Abbreviations

[glc]: 

glucose concentration

[lac]: 

lactate concentrations

ANOVA: 

one-way analysis of variance

BCM: 

body cell mass

BMI: 

body mass index

BW: 

body weight

FFM: 

fat free mass

GXT: 

graded exercise test

HR: 

heart rate

LBM: 

lean body mass

LOV: 

lacto-ovo-vegetarian athletes

n.s.: 

not significant

OMN: 

omnivorous athletes

PmaxBW

maximum power related to body weight

PmaxLBM

maximum power output related to lean body mass

SD: 

standard deviation

TBW: 

total body water

VEG: 

vegan athletes

VO2 max

maximal oxygen consumption

Declarations

Acknowledgments

We would like to thank the participants who contributed their time to this study. Moreover, we thank all physicians of the Institute of Sports Medicine for their support.

Consent of publication

Not applicable.

Funding

The study was funded by own resources. The publication of this article was funded by the Open Access Fund of the Leibniz Universität Hannover.

Availability of data and materials

The datasets used and/or analyzed during the current study are available from the corresponding author on reasonable request.

Author’s contributions

JN, SH, UT, and AH co-designed the study and survey materials. JN, PW, JE, and SH were responsible for data acquisition. JN drafted the manuscript and conducted the statistical analyses. AH, JE and SH revised the manuscript critically for important content. All authors provided critical revisions, read and approved the final manuscript.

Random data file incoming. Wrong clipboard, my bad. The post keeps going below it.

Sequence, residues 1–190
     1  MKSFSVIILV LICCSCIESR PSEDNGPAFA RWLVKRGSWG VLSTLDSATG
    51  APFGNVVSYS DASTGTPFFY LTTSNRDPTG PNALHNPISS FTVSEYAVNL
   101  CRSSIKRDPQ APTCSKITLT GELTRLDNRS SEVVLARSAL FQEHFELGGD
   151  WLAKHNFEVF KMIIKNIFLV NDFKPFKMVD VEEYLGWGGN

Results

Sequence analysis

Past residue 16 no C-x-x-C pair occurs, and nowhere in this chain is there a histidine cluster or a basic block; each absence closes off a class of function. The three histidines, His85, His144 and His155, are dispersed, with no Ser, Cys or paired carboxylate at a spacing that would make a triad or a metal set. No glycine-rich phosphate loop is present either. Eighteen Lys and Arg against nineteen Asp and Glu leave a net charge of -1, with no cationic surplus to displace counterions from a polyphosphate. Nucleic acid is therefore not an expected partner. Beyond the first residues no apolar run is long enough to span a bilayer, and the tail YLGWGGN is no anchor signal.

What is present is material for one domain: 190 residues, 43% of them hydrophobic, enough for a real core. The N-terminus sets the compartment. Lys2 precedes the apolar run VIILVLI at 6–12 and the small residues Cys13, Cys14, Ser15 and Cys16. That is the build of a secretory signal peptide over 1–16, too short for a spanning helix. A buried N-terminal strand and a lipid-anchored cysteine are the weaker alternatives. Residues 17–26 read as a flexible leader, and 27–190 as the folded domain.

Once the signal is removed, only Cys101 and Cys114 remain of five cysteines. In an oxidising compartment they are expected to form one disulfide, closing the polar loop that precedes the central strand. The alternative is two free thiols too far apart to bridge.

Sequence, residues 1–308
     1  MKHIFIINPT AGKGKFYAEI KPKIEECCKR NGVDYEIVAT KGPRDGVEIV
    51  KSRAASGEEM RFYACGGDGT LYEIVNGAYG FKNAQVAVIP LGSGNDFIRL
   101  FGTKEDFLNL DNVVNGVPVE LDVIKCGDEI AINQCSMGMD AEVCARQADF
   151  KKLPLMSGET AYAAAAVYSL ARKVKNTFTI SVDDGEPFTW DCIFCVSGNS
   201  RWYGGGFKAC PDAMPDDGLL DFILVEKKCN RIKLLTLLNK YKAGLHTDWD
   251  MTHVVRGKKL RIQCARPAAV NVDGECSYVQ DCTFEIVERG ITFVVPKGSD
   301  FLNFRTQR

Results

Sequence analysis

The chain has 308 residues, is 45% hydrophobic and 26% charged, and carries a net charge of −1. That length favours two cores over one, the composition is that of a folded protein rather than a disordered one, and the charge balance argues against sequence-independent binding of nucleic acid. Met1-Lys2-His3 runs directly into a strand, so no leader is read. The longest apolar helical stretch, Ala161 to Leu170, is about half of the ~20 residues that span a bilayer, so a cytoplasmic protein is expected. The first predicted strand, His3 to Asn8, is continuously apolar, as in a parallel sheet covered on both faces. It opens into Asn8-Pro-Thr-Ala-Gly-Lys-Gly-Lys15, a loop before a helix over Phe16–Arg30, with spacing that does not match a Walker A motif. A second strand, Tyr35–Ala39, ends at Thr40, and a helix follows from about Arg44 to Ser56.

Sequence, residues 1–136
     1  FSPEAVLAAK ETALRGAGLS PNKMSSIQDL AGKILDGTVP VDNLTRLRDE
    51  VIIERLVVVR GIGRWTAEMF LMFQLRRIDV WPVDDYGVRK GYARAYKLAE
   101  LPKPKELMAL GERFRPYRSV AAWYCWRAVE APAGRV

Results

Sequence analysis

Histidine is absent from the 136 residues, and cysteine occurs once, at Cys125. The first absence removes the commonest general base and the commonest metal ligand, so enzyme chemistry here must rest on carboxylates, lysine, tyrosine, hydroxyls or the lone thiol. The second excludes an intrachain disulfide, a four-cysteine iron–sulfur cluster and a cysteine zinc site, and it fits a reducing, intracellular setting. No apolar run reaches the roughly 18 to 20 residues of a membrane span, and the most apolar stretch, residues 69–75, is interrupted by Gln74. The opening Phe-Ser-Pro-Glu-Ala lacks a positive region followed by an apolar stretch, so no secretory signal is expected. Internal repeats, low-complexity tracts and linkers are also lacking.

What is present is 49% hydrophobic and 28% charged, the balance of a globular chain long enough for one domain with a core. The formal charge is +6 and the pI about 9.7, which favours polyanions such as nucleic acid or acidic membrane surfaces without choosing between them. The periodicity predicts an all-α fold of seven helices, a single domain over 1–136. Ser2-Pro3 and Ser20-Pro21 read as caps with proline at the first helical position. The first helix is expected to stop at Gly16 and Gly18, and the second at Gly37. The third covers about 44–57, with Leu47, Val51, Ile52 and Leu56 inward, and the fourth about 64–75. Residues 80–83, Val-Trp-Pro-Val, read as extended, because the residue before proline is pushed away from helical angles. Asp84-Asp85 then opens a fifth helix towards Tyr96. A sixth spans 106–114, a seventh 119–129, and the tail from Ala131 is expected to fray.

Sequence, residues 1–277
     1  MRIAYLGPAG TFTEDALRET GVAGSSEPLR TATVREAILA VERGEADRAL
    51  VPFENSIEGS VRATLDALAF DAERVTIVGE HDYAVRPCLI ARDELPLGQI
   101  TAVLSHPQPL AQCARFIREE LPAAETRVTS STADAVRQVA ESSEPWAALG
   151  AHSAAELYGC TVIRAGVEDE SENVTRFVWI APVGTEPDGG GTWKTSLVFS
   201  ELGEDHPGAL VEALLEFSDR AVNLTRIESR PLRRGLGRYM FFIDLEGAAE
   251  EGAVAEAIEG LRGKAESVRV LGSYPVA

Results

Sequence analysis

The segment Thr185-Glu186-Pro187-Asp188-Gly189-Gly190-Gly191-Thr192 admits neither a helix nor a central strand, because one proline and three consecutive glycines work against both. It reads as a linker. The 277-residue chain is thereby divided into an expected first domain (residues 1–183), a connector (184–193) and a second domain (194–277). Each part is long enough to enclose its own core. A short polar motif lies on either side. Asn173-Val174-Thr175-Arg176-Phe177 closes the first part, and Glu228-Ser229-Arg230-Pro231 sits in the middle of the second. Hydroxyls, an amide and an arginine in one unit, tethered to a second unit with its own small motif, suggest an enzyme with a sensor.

Ethics approval and consent to participate

The Ethics Committee at the Medical Chamber of Lower Saxony (Hannover, Germany) granted ethical approval for this research. The study was conducted in accordance with the Declaration of Helsinki. All participants gave their written informed consent.

Competing interests

The authors declare that they have no competing interests.

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Authors’ Affiliations

(1)
Faculty of Natural Sciences, Institute of Food Science and Human Nutrition, Leibniz University Hannover, 30159 Hannover, Germany
(2)
Institute of Sports Medicine, Hannover Medical School , 30625 Hannover, Germany